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Josh Groban

During the summer between seventh and eighth grades, everything changed—or at least it seemed like everything at the time. We'd become teenagers. Kids were rapping along with Vanilla Ice and mastering yo-yo tricks. I was the boy who liked to sing his own songs at talent shows, and I was suddenly officially uncool.

Every day I lugged my backpack through the halls, waiting for the final bell. Then I'd race home and hole up in my room, playing the drums and the piano, composing music. I felt claustrophobic and terribly lonely. I had so much to express but no way to express it.

At the end of our eighth-grade year, a friend gave me a brochure for the Los Angeles County High School for the Arts—an audition-based public school where you study academics for the first half of the day and dedicate the second half to your chosen art. I had no formal training and no idea what I was getting into, but I was desperate for something other than the status quo. I auditioned and was accepted.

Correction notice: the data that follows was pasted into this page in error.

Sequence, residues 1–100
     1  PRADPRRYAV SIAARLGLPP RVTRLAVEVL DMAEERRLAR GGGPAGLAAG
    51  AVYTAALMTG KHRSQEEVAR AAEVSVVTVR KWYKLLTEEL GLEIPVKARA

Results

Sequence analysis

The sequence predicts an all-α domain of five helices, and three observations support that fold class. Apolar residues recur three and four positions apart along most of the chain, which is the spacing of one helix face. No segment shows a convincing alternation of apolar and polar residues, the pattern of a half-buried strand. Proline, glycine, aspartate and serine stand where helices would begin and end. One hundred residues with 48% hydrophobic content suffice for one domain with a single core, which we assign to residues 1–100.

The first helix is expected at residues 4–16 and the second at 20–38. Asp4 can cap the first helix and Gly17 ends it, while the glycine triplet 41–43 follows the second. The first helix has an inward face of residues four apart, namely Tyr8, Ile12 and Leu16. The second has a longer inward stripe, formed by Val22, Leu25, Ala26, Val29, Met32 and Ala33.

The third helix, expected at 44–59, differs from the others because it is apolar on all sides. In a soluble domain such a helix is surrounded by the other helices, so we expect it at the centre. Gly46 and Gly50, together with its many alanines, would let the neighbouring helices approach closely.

On the first day, I had to perform a monologue in front of the class. Afterward I was red with humiliation. I thought it went horribly. As I was leaving, a group of kids approached, and I wondered if this school would be even worse than the last—maybe instead of being ignored, I'd get picked on. Did people get beat up at art schools?

"Your monologue was awesome," one said. Another asked me to join him for lunch. As I walked to the cafeteria with my new friends, I could breathe. I had gotten to this place by doing what I loved, even when it meant I felt different and alone.

Since then I've been confronted with a lot of pressure to compromise. When I feel confused or depressed, I remember back to junior high and I silently repeat, "This, too, shall pass." Because I know that life is a journey I must accept and that pain and confusion are temporary. I know that if I follow my heart, it will lead me where I belong.